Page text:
I was lactose intolerant until I moved to Austria, where my digestive system cured itself. (Note that this is medically impossible, but it happened anyway.) I thank Austrian cows for my current ability to eat cheese — after all, Austrian cows appear to be happier and healthier than American cows, and they have better cowbells, so I think they deserve the credit. 😉

It’s best not to be too neurotic about what you eat. Anxiety does not help you sing better. But clearly, food plays an important role in the singer’s life.  If you want to stay in peak vocal condition, you need to choose your meals wisely. And that concludes this episode of the Diva Diet. Bon appétit!

* Please note that this was an informal survey with a very small sample size. It does not attempt to be a formal study with statistical significance.   

The Fear of Flying Cellos

Life just got a little easier for traveling musicians.

Last month, the U.S. Congress passed a law that musical instruments qualify as carry-on luggage, and that musicians may purchase a seat for oversized instruments (such as cellos). See the full text of the law here.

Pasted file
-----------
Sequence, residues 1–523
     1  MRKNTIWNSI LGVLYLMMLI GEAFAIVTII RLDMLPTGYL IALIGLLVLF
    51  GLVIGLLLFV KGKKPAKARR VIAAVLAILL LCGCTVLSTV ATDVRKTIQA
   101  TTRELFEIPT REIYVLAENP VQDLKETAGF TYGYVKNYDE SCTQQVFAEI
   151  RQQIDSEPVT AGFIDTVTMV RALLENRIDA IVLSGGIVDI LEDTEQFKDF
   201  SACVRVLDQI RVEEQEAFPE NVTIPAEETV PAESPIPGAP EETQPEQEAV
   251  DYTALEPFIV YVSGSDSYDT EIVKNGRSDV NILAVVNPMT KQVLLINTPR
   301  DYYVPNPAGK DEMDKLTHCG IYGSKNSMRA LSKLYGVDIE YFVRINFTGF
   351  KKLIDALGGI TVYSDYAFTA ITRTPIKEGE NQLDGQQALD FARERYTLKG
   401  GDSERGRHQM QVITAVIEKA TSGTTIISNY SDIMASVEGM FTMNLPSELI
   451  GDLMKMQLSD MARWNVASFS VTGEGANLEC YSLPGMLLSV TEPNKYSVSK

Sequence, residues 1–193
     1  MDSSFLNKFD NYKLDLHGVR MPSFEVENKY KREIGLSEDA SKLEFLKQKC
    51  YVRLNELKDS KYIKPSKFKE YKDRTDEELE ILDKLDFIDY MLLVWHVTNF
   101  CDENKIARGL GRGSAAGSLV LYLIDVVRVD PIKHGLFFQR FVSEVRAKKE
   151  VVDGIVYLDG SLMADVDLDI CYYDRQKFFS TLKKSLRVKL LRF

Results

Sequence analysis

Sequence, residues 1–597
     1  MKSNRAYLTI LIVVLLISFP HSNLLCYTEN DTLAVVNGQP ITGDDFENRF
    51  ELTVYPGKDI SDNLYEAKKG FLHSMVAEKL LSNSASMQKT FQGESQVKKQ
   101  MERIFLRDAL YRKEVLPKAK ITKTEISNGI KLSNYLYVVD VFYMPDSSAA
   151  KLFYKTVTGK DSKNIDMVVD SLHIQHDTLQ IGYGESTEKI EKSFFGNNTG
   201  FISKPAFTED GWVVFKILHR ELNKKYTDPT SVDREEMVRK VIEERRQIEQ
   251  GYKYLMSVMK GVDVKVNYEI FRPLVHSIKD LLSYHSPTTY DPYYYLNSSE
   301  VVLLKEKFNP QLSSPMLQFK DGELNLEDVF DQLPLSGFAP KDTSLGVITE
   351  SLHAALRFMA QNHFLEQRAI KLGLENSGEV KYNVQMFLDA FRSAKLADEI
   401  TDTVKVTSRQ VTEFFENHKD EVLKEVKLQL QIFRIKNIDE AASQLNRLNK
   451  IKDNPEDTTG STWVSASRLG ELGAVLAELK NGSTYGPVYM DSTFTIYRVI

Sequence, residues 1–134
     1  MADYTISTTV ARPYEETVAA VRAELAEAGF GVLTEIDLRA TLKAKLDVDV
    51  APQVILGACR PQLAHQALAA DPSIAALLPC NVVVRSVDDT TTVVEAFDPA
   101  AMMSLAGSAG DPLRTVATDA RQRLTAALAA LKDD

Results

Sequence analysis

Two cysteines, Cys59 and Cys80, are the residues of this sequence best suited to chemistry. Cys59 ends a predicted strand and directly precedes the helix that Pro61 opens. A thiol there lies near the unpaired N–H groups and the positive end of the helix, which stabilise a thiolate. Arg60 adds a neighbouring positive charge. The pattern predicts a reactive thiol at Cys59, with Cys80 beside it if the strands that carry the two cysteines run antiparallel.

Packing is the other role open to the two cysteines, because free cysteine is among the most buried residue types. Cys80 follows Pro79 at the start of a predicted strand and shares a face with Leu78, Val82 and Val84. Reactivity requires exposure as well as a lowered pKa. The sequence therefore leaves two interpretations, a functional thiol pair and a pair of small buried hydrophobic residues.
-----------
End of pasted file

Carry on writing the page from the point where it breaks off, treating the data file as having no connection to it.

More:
Until now, each airline has determined its own policy.  But this leads to unnecessary stress and confusion before take-off.

As a singer, I don’t usually have to deal with this.  My instrument fits neatly in my throat!

Cello photo by Miroquartet

But on my way to Nepal in 2009, I panicked when I realized I would need to transport a flute, a clarinet, and a viola on an airplane.  These instruments had been donated to the Kathmandu Jazz Conservatory as part of the Kathmandu Music for Peace Festival, and I was responsible for them. I was terrified I’d have to put them in cargo.

My mother, who was traveling with me, threatened to wrap the viola in a baby blanket and carry it to Nepal on her lap.  She planned to tell the attendants that her baby was named Viola Feldmeth!  (That might have worked. My mom is very persuasive.) But fortunately, Thai Airways had no problem with our viola, and it arrived in Kathmandu in one piece.

The Canadian violist Paul Casey was not so lucky.  On a fateful flight in 2006, he was forced to check his $14,000 viola.  When he retrieved it at baggage claim, it had been crushed to pieces.

I recently heard a horror story about a cellist who purchased an additional seat for his instrument. It was very expensive, but at least he had the peace of mind of knowing it would be flying next to him. Then, as soon as he had strapped the cello into its chair, the airline attendant rudely told him to remove it. Shocked, the man tried to argue, until the pilot got involved. They finally forced him to put his cello in a closet.